WASHINGTON (AP) — The Latest on President-elect Donald Trump (all times EST):
Donald Trump is taking credit — and thanking himself — for a surge in a key gauge of consumer confidence.
The president-elect writes on Twitter that The Conference Board reported Tuesday that its consumer confidence index had climbed to 113.7 in December.
Trump notes that's the highest the index has climbed in more than 15 years, and adds, "Thanks Donald!"
The index measures consumers' assessment of current conditions, which dipped from November but was still very positive, and their expectations for the future, which hit a 13-year high.
Donald Trump is continuing the debate over whether he would have won an election against President Barack Obama.
Trump writes on Twitter that wrote "President Obama campaigned hard (and personally) in very important swing states, and lost. The voters wanted to MAKE AMERICA GREAT AGAIN!"
A dispute erupted Monday between Obama and Trump, spurred by Obama's hypothetical musings that had he run again, he would have been victorious. Obama suggested he still holds enough sway over the coalition of voters that elected him twice to get them to vote for him once again.
Trump's response: "NO WAY!"
It wasn't immediately clear whether Trump was referring to Obama's own presidential runs, or the campaigning the president did in 2016 on Hillary Clinton's behalf. Obama swept most key swing states in his two bids for the White House, but Clinton fell short.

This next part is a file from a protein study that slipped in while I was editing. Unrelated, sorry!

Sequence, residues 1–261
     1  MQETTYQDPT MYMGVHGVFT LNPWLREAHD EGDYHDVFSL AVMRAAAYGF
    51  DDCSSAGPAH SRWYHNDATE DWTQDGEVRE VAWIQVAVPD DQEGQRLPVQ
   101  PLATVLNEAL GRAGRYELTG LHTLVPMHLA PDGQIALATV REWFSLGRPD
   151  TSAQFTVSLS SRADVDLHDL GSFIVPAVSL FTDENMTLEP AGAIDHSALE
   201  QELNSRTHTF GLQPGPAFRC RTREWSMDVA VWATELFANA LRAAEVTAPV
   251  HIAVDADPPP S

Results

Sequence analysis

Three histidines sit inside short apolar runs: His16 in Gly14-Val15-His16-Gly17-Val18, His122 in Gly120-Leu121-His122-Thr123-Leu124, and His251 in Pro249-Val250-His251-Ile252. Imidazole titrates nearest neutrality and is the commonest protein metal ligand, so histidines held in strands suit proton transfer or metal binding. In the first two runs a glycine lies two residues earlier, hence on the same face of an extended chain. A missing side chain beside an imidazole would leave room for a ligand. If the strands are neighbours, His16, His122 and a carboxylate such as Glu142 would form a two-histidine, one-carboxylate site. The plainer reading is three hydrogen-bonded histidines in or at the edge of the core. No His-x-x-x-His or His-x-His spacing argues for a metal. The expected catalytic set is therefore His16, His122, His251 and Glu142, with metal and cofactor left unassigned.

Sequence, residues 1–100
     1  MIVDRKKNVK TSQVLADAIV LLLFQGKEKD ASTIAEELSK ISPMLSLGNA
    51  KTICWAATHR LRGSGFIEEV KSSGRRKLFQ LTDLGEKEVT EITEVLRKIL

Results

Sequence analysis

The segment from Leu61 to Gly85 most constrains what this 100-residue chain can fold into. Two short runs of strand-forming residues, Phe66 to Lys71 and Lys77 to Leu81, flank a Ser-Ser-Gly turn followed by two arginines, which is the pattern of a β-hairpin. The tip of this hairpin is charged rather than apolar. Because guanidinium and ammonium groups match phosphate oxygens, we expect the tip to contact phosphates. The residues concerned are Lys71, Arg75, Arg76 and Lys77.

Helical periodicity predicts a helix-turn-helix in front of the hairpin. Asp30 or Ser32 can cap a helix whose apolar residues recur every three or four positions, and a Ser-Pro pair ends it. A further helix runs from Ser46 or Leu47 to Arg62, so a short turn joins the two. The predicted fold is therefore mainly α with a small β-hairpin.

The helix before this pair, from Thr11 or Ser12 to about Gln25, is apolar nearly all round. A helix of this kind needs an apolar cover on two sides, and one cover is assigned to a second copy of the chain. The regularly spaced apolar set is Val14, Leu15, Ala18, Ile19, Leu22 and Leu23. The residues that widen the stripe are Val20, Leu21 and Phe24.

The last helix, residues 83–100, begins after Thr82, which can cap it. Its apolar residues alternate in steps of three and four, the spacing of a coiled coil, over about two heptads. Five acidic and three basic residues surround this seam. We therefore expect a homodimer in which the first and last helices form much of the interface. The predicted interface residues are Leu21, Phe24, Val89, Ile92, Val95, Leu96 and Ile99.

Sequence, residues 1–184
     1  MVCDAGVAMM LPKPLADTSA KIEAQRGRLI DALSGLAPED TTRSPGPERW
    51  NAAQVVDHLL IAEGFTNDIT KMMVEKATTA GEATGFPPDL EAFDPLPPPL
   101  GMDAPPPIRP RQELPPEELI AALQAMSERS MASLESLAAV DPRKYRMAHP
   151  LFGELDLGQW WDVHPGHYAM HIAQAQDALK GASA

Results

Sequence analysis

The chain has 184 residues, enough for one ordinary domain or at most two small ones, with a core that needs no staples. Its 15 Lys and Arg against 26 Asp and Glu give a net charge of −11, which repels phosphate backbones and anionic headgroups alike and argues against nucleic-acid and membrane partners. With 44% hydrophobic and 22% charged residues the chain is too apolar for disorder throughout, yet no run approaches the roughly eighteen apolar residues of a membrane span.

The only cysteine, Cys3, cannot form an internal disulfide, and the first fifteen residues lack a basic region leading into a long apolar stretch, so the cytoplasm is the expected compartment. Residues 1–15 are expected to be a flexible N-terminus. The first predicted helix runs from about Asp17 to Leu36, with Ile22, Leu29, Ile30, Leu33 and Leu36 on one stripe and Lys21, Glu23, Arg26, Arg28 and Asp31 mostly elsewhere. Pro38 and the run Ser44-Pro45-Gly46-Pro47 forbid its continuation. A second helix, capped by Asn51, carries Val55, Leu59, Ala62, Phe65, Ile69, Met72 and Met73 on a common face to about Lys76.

One of President-elect Donald Trump's main advisers on U.S.-Israel relations will be his special representative for international negotiations.
A statement from Trump's transition team Tuesday said that attorney Jason Greenblatt has been named to the role.
For two decades, Greenblatt has worked for the Trump Organization and currently serves as its executive vice president and chief legal officer.
In the statement, Trump said that Greenblatt "has a history of negotiating substantial, complex transactions on my behalf," and has the expertise to "bring parties together and build consensus on difficult and sensitive topics."
President-elect Donald Trump is tapping an experienced national security adviser to serve as assistant to the president for homeland security and counterterrorism.
A statement from Trump's transition team Tuesday said Thomas Bossert will advise the president on issues related to homeland security, counterterrorism, and cybersecurity, and he will coordinate the cabinet's process for formulating and executing related policy.
Bossert is the president of the risk management consulting firm CDS Consulting. He previously served as deputy assistant to the president for homeland security under President George W. Bush.
The statement says Bossert will focus on domestic and transnational security priorities alongside the work of Trump's pick for national security adviser, retired Lt. Gen. Michael Flynn.
The New York State attorney general's office says Donald Trump must freeze his plan to dismantle his charitable foundation because state prosecutors are probing whether the president-elect personally benefited from its spending.
A spokeswoman for Attorney General Eric Schneiderman said in a statement Tuesday that the Donald J. Trump Foundation is still under investigation "and cannot legally dissolve until that investigation is complete."
The statement came after Trump announced he wanted to dissolve the charitable organization in what his presidential transition team says is an effort to erase any potential conflicts of interest before he takes office Jan. 20.
But the foundation's inner workings have been the subject of Schneiderman's investigation for months and could remain a thorny issue for Trump's incoming administration.
Trump is at his Mar-a-Lago estate in Florida.
Associated Press writer Edith Lederer in New York contributed to this report.